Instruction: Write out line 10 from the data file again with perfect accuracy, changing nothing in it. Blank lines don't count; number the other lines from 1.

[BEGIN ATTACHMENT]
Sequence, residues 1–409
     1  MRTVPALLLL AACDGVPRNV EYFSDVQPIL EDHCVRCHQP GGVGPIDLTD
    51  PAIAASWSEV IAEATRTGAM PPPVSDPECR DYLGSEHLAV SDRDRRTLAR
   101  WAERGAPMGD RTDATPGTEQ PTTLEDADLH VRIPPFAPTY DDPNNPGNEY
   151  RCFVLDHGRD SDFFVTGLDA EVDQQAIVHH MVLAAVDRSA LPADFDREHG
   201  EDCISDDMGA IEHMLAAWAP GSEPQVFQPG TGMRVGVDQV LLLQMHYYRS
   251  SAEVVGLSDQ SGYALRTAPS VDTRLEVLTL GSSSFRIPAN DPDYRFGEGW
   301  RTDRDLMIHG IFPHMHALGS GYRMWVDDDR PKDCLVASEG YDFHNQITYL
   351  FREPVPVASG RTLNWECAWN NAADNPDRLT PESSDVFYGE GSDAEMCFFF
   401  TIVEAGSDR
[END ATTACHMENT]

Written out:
   401  TIVEAGSDR